Over the past few years, intermittent fasting has gained a great deal of attention for its potential role in weight loss, but recent research suggests that the strategy may have more benefits than just chipping away at your middle – it may even extend your lifespan.
In a review published in the New England Journal of Medicine, Dr. Mark Mattson, a neuroscientist at Johns Hopkins Medicine, examined a number of intermittent fasting programs and concluded that two in particular are effective: either limiting your eating to a 6-8 hour window per day, or a technique called 5:2 fasting that involves eating normally for five days and then two days per week Eat only one medium-sized meal.
“We’re at a transition point where we can soon consider adding information about intermittent fasting to our medical school curriculum, as well as standard recommendations about healthy eating and exercise,” he notes.
Why would something as simple as skipping meals for large chunks of time help you live longer? The answer lies in the breadth of benefits already found in animal and human studies.
For example, fasting has been shown to improve blood pressure and resting heart rate, making it beneficial for cardiovascular health. Some studies have also shown that it may be effective for weight loss, which can help prevent obesity and diabetes – both of which have been linked to shorter lifespans.
A 2018 study done on mice showed that when animals ate only one meal a day, and therefore fasted longer, they not only lived longer, but also showed a much lower risk of age-related liver disease and metabolic disorders.
In his review, Mattson said that studies have shown that fasting improves blood sugar regulation, reduces inflammation, and increases stress resistance. In terms of longevity, these can have significant effects.
As with any strategy that involves changing the way you eat, individual results will vary, especially if you make some initial mistakes such as overeating during your “food window,” making unhealthy food choices, being sedentary, and making drastic changes.
Also, keep in mind that you may need to play around with variations of intermittent fasting to find what works best for you. While Mattson says that a 6-8 hour time limit window or a 5:2 approach seems to work best, neither may be the best for you, and that’s okay. You can still use different strategies for intermittent fasting.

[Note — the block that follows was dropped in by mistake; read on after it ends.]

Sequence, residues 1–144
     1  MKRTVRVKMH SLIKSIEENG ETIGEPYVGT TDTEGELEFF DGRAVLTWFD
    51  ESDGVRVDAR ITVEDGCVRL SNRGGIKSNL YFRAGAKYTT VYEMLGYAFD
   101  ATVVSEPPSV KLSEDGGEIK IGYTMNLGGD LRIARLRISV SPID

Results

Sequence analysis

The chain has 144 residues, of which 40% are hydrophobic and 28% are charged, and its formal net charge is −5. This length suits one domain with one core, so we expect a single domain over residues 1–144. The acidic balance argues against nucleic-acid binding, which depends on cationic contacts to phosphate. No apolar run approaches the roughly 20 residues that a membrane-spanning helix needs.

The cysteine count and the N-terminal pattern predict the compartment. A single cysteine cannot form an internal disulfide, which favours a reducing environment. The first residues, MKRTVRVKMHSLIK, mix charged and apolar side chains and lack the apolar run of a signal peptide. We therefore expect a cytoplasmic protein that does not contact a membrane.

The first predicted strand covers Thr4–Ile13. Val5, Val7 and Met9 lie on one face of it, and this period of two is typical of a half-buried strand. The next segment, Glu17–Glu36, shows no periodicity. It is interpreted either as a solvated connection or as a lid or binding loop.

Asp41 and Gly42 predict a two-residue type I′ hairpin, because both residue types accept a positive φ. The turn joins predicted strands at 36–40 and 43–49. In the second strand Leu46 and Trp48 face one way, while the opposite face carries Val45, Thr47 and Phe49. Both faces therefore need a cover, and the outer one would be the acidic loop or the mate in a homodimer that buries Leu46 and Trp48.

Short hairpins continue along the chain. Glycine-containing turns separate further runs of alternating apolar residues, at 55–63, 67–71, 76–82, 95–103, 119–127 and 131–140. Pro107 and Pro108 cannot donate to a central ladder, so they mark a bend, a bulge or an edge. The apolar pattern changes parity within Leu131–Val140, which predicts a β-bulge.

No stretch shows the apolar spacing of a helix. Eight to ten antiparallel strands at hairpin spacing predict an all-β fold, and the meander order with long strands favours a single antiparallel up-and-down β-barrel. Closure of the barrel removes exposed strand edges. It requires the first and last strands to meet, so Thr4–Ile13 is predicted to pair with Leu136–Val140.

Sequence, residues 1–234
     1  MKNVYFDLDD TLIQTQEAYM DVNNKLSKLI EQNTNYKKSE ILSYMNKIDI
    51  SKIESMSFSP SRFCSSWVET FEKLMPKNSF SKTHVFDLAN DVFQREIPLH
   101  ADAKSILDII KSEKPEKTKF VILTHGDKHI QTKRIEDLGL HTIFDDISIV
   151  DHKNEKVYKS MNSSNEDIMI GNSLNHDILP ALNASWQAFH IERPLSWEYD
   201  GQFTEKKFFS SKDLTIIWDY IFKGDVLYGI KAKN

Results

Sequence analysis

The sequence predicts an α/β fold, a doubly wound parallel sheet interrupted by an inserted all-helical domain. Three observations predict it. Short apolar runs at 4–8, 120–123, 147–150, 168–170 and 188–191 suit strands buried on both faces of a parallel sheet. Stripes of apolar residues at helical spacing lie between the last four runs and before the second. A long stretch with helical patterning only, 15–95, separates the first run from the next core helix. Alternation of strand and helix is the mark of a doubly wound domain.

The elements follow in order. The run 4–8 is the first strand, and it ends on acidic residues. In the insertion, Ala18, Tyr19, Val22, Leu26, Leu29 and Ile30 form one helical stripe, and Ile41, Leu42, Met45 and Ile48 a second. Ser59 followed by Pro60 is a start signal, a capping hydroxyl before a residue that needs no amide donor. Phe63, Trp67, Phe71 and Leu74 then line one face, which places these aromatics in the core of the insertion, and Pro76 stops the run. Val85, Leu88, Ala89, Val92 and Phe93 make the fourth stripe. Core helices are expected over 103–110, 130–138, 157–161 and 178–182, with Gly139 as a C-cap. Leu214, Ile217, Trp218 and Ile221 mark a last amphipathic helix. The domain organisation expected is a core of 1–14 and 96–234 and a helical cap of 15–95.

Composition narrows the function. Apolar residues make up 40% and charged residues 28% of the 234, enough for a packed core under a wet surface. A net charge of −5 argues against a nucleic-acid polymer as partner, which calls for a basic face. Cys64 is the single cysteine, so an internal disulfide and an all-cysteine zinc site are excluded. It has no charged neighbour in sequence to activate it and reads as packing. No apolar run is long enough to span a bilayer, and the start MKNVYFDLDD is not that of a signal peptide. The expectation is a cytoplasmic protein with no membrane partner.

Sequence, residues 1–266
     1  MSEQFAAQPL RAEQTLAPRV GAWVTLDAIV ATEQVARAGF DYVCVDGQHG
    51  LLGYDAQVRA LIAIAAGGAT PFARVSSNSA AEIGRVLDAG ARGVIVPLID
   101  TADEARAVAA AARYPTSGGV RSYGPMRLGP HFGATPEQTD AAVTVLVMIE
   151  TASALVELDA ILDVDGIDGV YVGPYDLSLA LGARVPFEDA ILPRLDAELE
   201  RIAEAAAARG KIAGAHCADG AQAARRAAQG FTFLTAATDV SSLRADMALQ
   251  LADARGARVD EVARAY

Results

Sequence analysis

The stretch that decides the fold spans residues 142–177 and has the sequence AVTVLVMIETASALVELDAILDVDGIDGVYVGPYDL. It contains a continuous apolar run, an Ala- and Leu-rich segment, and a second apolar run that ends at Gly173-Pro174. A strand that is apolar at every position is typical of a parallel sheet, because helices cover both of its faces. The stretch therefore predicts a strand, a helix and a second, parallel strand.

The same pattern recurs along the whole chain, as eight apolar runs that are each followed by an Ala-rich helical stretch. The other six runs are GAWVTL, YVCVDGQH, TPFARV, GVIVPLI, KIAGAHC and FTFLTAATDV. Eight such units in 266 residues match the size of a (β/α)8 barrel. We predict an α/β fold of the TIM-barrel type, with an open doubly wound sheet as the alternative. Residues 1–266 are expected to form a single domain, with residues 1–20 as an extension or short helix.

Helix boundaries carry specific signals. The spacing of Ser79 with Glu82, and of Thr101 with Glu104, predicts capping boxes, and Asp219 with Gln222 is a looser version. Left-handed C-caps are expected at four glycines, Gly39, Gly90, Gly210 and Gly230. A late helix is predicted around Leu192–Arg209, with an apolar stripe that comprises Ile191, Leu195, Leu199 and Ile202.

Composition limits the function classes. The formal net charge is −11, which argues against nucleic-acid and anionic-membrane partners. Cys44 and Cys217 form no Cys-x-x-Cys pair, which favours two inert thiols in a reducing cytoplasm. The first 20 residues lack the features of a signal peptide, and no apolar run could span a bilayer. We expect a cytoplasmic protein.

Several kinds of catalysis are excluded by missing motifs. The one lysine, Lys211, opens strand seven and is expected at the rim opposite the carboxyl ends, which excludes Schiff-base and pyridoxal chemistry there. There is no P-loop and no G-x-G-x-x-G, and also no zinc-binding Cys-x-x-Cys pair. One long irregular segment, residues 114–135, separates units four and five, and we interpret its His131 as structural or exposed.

For example, you might be able to expand your eating window to 10 hours, or you could play around with the number of fasting days, according to Dr. Luiza Petre, a cardiologist who practices intermittent fasting herself and advises patients on strategies.
She notes that the 5:2 plan can be adapted to 7:1 or 1:1, based on how someone wants to implement intermittent fasting into their daily life.
“When you start, think of this as a long-term strategy and try different schedules rather than thinking you need to stick to a particular schedule because it works for a friend or family member,” says Petre.
Intermittent fasting doesn’t involve specific foods, but rather a strict schedule about when you eat, says Dr. Jason Fung, author of “The Complete Guide to Fasting.” In other words, if you’ve been a little too reliant on junk food lately, this is a great opportunity to overhaul your diet.
“One of the main advantages of intermittent fasting is that it can be part of any eating plan you follow, such as low-carb, ketogenic, paleo or something else,” he says.” It can also be a great start to changing your eating habits to include healthy foods, if you haven’t already done so.
The easiest way to try intermittent fasting is to make the most common changes first, which he suggests is an eight-hour block, followed by a fasting time that includes sleep. For example, “fast” at 9 a.m. – that’s where the name breakfast comes from, after all – eat dinner at 5 p.m., and then don’t eat again until the next morning.
Not only does this confer the benefits Mattson mentions, but it also gives you an extra edge in terms of digestion and sleep quality, as going to bed on a fairly empty stomach has been shown to be better for both.
Mr. Fung suggests trying it for a week or so to give your body time to adjust. After that, you’ll know better if you have to adjust your blocks of time to some degree, or if you’d prefer to switch to a different variation, such as a 5:2 eating plan or a similar switch fasting schedule.
Giving yourself at least a few days at a time – preferably longer – to switch strategies is important because it allows you to see improvements in non-food areas, such as more energy, deeper sleep, and mood. Just as you track food, record the effects of intermittent fasting on a daily basis to determine how well you’re adjusting.
It’s also possible that intermittent fasting isn’t your groove, which is fine. But it’s most likely that by trying this diet, you’ll be more aware of not only when you’re eating, but what you’re eating.
“Even if you decide not to do this type of strategy, you may be able to create more awareness around your food,” says Von.” And that’s always a good thing.”